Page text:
Last weekend (back before Christmas) we travelled up to Allendale for our regular pre-Christmas get-together with old friends. We (well, not me personally: I’m hopeless and would definitely cock-up the organisation if it fell to me) had booked a youth hostel for our sole use – this year Ninebanks hostel. I’m reliably informed, by TBH, that this is the eighth year that we’ve done this. Which is true up to a point, but before we used Youth Hostels we used to gather in one of our homes – this was when we were young and able to sleep on floors, and perhaps more importantly we didn’t have so many kids between us.
It’s as much a social event as anything – communal meals, rehashing old stories, a kids party, a few beers. This year tobogganing and a music intros quiz also featured. There wasn’t really enough snow for the former and every stone and rut bumped and jolted as we slid down the icy field. Frozen mole-hills proved to be particularly hazardous and all of the sleds were fatally damaged over the course of the weekend. I finished the trip with very painful sciatica which I think was probably as a result of the sledging.
I did manage to fit a couple of walks in too though. On Saturday I was up early for a pre-dawn start with the Adopted Yorkshireman (henceforth AYM). We walked a horseshoe around the valley of Wellhope Burn – up to the trig pillar at Hard Rigg, across Hesleywell Moor, over Whimsey Hill and the Dodd before turning North back toward the hostel. It was phenomenally cold – I’m essentially a very warm person and usually find that I can’t wear gloves for long, but on this occasion I comfortably wore two pairs together.
Twice – on the way up Hard Rigg and right by the trig point, we saw a mouse darting from a hole in the snow and then disappearing into another hole. Must be a hard won existence.
Where the going underfoot consisted of fresh snow over tussocks (approaching Hard Rigg) or fresh snow over heather and peat hags (the Dodd) it was hard work – letting the AYM break trial is not much help since his legs are about 3 yards long and it’s nigh on impossible to match his stride, and even if you do manage it’s only to find that he walks with his toes pointing out at 45 degrees and you can’t turn your feet to match his prints without the advantage of double-jointed ankles. Fortunately much of our route followed a wall in the lee of which old drifted snow had frozen into solid neve which was a delight to walk on. This was my first time around this moorland but with the boggy bits frozen it was probably an ideal time to visit. True to form however, on the Dodd I did manage to crash through some ice into peaty water which filled one of my boots – it was, needless to say, very cold.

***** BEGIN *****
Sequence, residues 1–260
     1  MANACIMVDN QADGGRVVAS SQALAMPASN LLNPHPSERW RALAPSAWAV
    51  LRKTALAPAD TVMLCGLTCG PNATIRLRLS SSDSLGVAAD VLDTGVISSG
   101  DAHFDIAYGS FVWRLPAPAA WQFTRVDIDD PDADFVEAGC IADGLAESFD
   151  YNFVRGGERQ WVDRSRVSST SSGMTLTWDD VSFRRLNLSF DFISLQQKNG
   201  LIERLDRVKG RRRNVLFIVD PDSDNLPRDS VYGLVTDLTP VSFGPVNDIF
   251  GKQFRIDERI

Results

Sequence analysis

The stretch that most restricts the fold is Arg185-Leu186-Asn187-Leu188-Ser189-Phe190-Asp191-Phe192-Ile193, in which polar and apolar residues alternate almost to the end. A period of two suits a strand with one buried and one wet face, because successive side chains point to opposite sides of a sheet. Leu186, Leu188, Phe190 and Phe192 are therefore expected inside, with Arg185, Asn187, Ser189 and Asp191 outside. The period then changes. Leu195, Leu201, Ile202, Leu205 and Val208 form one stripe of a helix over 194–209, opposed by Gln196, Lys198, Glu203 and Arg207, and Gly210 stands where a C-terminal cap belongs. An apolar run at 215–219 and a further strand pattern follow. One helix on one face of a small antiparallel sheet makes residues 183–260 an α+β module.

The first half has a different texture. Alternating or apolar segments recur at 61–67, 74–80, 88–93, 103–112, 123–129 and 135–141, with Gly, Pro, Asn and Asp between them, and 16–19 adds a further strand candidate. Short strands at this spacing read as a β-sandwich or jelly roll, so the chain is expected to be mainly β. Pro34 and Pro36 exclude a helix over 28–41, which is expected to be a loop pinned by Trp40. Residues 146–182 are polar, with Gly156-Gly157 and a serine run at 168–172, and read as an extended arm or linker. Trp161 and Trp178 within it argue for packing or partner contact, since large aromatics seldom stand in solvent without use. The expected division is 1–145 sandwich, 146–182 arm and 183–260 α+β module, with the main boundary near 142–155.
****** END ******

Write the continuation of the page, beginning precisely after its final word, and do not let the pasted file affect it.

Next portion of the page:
Later on in our walk it brightened up considerably but for some reason I didn’t take any photos – probably too busy putting the world to rights as the AYM and I always seem to do whenever we are together.
After the early start we back in time for a late lunch, some sledging and to cook the curries for tea (my contribution to the weekend).
On the Sunday I was out with the AYM’s other half the Adopted Yorkshirewoman. We were on the afternoon shift having been on child-minding duties in the morning. As luck would have it we hit the best part of the day – it had been rather dull and dour but as we set-off the AYW opined that ‘it might clear up’, and she was dead right.
The confluence of the River West Allen and Mohope Burn….
…still running but with ice building up under the water.
West Allen Dale
The track which took us up on to the moors. (Remarkably ice-free unlike many of the paths and tracks we followed)
The cloud begins to reassert itself.
We enjoyed the sunshine whilst we could, because when the weather turned again it did so very swiftly. And by the time we were following the edge at Greenleycleugh Crags, visibility was very limited…
Looking along Greenleycleugh Crags to the last of the sunshine disappearing in the North.
On the way back to the hostel we passed Throssel Hole Buddhist Centre which I’m sure I’ve read about before on the interweb but which I wasn’t aware was here. We talked to a couple of people here who I would guess were a monk and a nun from the centre. They were having problems with their water source. The centre is in Limestone Brae which is a small hamlet stretched out along the road on a steep valley side. Having seen the name Limestone Brae on a road sign I had been expecting it to be some sort of interesting geological feature.
At the end of our walk, in almost complete darkness, we came across a gathering of hares – I think seven in all. I thought that hare’s were essentially solitary creatures and was surprised to find them fraternising in a field.
In all a great weekend, and we didn’t get round to exploring Allen Banks or visiting the forts on nearby Hadrian’s Wall. We shall have to return.